Monday, May 28, 2018

Metal 101 (in 666 words)

This is all a wolf needs to know about metal in 666 words. First thing to know is Black Sabbath is where it started and what defines metal. Formed in 1968 as a blues band, guitarist Toni Iommi combined the tritone with enough distortion and evil took sonic form. Most “Doom” metal bands are direct rip offs of Sabbath, but all other sub-genres to some aspect of what the band did. Thus the two defining qualities of metal are evil & darkness. Just darkness and you have goth.Sure volume and aggression are also needed qualities but rock and punk can take those on.

Metal continued on in Britain with Judas Priest who formed in 1969, but did not acquire vocalist Rob Halford whose voice defined their sound until 1972. Priest picked up where Deep Purple left off, but with more aggressive sound. Then in 1975 Iron Maiden formed. While Judas Priest had a more radio friendly arena rock sound, Iron Maiden whose songs were driven by the bass playing of Steve Harris took progressive rock and made it metal. Vocalist Paul DiAnno sang on their first two albums which are good, but it was the powerhouse pipes of Bruce Dickinson who joined 1981 that made them larger than life. Their songs became epic tales rivaling Wagner. Most power metal bands were influenced by Maiden as well as some California kids who formed Metallica.


 Metal is a drug and like drugs you build a tolerance and need more extreme doses. Up until this point evil might have felt real but it was in 1981 that Dannish singer King Diamond an avowed Satanist made evil a reality with his band Mercyful Fate. Kiss and Alice Cooper had already donned ghoulish makeup , King Diamond took these theatrics in a more sinister direction with his piercing falsetto that he could drop into a guttural growl. Bands like Venom and Celtic Frost also came crawling out of England at this time, but Mercyful Fate was clearly the blueprint the black metal bands from Scandinavia would later follow in their spiked leather corpse painted church burning rampage.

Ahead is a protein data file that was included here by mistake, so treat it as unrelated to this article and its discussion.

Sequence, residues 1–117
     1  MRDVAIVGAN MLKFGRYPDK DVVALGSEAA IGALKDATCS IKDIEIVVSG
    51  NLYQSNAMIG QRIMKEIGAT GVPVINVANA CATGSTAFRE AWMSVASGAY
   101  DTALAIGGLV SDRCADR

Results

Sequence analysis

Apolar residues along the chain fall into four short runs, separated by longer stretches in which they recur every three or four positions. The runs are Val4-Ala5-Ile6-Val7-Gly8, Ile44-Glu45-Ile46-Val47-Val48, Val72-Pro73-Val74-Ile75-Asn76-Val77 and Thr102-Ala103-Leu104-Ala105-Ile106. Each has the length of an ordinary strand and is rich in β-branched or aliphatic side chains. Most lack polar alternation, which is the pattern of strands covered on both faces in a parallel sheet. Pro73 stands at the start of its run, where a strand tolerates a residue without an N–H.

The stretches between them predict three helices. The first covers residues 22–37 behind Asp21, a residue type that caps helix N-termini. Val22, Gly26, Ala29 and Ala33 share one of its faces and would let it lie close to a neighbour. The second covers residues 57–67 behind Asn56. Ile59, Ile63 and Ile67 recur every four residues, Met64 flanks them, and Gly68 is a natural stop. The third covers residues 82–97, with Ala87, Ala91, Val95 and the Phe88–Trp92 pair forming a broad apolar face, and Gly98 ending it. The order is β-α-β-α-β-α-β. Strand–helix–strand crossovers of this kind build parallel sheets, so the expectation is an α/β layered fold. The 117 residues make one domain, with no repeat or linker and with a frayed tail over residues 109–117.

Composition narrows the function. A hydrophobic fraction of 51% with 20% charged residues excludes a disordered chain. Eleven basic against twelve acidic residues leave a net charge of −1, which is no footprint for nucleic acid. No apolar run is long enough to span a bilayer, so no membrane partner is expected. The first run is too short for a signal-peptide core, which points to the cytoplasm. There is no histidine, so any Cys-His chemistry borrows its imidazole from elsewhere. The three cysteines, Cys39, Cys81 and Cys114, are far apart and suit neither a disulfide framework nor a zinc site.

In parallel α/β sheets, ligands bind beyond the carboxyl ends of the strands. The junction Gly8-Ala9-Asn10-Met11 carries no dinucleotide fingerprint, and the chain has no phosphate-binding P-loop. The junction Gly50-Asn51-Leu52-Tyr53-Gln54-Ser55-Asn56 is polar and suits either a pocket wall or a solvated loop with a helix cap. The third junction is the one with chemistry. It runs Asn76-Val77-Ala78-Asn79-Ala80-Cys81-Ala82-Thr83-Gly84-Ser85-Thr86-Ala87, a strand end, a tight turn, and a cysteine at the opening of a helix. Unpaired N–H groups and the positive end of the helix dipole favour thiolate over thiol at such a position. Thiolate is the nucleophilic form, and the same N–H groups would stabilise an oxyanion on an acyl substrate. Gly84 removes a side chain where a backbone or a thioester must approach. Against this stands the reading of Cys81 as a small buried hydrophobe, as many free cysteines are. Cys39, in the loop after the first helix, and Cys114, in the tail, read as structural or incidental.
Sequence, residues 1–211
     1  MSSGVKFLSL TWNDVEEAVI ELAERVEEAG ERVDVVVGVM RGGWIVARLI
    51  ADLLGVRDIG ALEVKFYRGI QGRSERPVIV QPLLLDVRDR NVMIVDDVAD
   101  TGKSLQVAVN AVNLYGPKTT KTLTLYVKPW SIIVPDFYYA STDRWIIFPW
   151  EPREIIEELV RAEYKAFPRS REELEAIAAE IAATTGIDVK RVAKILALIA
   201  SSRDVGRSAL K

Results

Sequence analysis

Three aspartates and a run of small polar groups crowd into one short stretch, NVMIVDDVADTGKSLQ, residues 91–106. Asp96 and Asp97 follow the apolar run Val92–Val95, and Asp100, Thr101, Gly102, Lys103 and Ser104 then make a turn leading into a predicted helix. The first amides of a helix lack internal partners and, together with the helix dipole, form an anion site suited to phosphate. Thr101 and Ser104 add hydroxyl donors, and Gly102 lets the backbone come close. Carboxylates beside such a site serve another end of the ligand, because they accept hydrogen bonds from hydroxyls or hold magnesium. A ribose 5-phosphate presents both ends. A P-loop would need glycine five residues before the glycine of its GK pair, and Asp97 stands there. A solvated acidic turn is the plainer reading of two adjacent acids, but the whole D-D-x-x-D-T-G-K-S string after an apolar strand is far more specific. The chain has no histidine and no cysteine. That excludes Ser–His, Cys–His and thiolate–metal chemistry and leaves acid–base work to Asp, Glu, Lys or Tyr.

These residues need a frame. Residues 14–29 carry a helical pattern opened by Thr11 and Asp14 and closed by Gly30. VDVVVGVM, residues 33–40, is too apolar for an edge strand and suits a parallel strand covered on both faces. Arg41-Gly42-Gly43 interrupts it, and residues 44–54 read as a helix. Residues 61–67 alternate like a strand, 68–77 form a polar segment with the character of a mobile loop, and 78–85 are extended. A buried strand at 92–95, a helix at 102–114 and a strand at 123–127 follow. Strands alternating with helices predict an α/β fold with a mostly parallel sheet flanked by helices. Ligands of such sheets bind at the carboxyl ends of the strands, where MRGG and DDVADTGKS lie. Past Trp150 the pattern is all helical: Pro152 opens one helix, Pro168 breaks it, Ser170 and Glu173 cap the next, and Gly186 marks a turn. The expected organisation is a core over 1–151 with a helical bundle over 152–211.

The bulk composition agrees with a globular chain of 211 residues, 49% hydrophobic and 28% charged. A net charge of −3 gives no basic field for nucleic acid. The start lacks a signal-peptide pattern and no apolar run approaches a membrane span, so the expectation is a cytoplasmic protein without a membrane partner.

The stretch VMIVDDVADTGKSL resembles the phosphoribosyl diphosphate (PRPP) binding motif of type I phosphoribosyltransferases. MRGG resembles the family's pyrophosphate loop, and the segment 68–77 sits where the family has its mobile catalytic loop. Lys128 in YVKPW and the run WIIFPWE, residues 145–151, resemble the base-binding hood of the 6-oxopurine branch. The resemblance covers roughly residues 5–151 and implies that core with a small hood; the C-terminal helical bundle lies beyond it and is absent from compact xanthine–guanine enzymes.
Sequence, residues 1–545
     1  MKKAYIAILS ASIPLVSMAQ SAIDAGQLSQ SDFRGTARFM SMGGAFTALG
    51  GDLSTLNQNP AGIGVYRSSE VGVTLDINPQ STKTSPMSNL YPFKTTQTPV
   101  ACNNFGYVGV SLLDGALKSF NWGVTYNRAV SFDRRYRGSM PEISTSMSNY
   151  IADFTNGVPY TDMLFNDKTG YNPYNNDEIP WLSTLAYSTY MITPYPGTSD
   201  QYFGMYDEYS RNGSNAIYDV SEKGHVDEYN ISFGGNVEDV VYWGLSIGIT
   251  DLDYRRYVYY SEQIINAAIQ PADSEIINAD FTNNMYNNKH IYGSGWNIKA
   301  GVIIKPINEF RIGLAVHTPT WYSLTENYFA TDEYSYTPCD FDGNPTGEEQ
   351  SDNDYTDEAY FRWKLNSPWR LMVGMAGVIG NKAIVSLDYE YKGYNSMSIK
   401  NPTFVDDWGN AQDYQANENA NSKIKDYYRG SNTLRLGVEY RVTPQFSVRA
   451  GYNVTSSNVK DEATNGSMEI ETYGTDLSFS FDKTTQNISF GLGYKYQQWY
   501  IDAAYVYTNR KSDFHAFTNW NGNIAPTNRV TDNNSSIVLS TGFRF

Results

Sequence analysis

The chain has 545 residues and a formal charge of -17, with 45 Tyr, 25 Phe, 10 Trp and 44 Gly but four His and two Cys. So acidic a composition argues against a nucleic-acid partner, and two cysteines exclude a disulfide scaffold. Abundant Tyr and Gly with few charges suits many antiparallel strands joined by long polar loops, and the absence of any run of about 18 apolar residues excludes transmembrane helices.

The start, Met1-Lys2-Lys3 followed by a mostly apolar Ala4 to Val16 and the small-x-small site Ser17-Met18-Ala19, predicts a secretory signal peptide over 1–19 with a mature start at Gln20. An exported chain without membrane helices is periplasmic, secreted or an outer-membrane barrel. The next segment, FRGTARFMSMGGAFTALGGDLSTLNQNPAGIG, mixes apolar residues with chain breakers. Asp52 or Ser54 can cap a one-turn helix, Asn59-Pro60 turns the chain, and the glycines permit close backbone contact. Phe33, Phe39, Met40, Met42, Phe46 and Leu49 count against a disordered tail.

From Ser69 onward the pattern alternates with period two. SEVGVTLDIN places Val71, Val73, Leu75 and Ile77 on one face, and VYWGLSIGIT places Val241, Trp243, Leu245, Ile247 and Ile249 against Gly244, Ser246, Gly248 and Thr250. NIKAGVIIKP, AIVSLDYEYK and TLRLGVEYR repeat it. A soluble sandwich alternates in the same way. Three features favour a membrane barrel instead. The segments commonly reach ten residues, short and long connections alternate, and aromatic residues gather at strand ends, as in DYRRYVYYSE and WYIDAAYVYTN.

1981 was a key year for metal as two other seminal bands would form. One being Metallica, who ran the gallop of Iron Maiden through a dirty leather filter of Motorhead to create thrash. Metallica also drew influence from Killing Joke, whose song “the Wait” they would cover. Killing Joke also spawned what would be known as industrial. Metallica refined the thrash sound until it had more hooks. Creating massive power ballads with balls. Eventually they took this sound into the mainstream, though it still continued to influence bands like Pantera and White Zombie.


Another key band from 1981 also hailing from California was Slayer. Slayer was more influenced by hard core punk. They played faster and meaner than Metallica. Pretending to be satanic to give their music a darker aura, their lyrics dealt with serial killers and Nazis. Later as metal became more extreme it was hard to tell Slayer apart from the hardcore bands they were influencing.


 In 1983 things heated up in Tampa Florida as death metal was born. Death released “Scream Bloody Gore” in 1987, two years later Morbid Angel releases “ Altars of Madness” Not just aggressive , but was chaotic evil. Darker than “Scream Bloody Gore” the lyrics reflected the dark soul of their guitarist Trey Azagthoth, who held a genuine interest in the occult and steered the band’s later albums into being more of a exploration of the Necronomicon. The darkness in their sound would go on to influence scores of death and black metal bands.The metal that followed tuned lower and blasted faster to create something that was a more extreme version of what Morbid Angel did, though Morbid Angels songs held up over time which is more than can said of those bands. But metal doesn’t have to be so dark and evil you might say. This is true but if it isn’t it will also suck.


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